The Quarterly of the Texas State Historical Association, Volume 14, July 1910 - April, 1911 Page: 66
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66 Texas Historical Association Quarterly.
adjournment neither injurious to the individuals or to the public.
In as much as they were at the same time notified that if the
emergencies of the country required it, that they would be imme-
diately convened by proclamation. The right in the Governor to
adjourn that body, without their co-operation or consent is no
where expressly given in the organic law, nor is it any where
forbidden. On an investigation of the article above alluded to,
it will clearly appear that the Genl Council could do nothing with-
out the sanction of the Executive Department. And on examina-
tion of the ordinances passed by them, it will be seen that every-
thing contemplated by the organic law has been acted on by that
body, long before their adjournment, and many also of a disor-
ganizing and injurious tendency, for which they had no warrant.
And being well satisfied that their presence in the Council Hall
would be productive of no good to the public, but daily increasing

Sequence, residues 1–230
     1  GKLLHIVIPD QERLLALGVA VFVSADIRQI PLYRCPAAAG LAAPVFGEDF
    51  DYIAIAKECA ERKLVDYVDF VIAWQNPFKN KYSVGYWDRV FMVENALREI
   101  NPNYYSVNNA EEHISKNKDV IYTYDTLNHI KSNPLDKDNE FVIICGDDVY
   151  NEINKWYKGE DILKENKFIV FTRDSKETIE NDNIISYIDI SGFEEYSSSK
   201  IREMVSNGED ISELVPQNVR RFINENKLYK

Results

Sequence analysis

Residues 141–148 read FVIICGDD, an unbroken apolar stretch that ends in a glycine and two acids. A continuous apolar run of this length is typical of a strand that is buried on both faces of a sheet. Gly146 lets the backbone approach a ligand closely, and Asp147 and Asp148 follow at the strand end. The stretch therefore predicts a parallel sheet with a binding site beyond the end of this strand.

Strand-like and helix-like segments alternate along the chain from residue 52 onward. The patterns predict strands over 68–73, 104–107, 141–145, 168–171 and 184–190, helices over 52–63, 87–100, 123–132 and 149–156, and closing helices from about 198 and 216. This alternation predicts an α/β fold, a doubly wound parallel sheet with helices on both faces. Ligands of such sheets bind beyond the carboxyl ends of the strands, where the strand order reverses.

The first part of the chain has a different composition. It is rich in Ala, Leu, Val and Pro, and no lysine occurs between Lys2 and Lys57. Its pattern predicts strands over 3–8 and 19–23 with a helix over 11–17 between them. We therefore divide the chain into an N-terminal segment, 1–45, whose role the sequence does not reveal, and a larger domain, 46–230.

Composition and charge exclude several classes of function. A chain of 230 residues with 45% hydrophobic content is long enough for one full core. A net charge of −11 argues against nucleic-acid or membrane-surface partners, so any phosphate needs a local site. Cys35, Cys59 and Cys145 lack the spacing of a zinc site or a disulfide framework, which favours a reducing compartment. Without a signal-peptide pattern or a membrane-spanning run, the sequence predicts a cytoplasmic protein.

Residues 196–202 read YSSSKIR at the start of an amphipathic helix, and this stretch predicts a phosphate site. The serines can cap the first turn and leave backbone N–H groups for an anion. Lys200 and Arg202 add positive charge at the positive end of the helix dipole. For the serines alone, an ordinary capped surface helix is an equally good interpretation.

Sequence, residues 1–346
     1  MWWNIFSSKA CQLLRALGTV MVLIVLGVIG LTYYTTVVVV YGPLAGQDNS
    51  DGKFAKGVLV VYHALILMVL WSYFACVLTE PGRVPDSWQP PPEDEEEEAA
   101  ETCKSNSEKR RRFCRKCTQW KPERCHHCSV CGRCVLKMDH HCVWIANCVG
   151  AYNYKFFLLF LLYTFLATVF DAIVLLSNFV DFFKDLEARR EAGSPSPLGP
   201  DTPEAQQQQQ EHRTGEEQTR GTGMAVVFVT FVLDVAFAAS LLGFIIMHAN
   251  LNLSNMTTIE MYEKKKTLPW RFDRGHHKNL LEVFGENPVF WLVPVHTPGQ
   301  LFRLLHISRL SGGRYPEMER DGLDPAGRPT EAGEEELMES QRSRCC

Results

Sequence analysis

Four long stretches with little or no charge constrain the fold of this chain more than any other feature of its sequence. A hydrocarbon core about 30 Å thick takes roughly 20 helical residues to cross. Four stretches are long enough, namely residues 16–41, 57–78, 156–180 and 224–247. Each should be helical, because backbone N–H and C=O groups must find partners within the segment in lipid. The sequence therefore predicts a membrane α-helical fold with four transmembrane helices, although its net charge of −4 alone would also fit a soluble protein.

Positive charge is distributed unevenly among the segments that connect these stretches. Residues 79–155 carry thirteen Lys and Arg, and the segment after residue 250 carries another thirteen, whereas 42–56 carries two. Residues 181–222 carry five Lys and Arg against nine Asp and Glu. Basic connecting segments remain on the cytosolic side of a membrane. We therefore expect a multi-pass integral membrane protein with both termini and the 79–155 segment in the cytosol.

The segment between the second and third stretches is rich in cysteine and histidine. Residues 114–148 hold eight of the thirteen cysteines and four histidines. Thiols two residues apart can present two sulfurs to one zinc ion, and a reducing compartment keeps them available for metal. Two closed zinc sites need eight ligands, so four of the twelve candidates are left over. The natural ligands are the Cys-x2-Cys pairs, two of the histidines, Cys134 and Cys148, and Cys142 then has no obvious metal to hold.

the public debt; and being well satisfied that base intrigue and
corruption had become the ruling passion of that body, induced
me to pursue the course of which the Council so much complains,
and for which they passed, and acted on the resolutions alluded
to. As a public officer I was well aware, that I could screen my-
self from public censure, by taking honest exceptions to all of their
acts, having an evil and injurious tendency. I was also well sat-
isfied, that by intrigue and management, that the Genl. Council
had concentrated so much power over the Executive Department,
that the Governor would be rendered as powerless as he would be
useless-the shadow of authority after the substance had departed.
It will be seen on examination of the 4th article of the organic
law, defining the powers of the Governor etc which reads as fol-
"The Governor for the time being, and during the existance of
the Provisional Government, shall be clothed with full and ample
Executive powers; and shall be commander in chief of the army
and Navy, and of all the military forces for Texas, by sea and
The law certainly would not be thus full and positive, if it were
intended, that he should be trammeled in the discharge of those
functions by the dictates of an unstable and fluctuating Council.
Pursuing that article throughout in its proper spirit, it will clearly
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Texas State Historical Association. The Quarterly of the Texas State Historical Association, Volume 14, July 1910 - April, 1911, periodical, 1911; Austin, Texas. (texashistory.unt.edu/ark:/67531/metapth101054/m1/74/: accessed August 16, 2017), University of North Texas Libraries, The Portal to Texas History, texashistory.unt.edu; crediting Texas State Historical Association.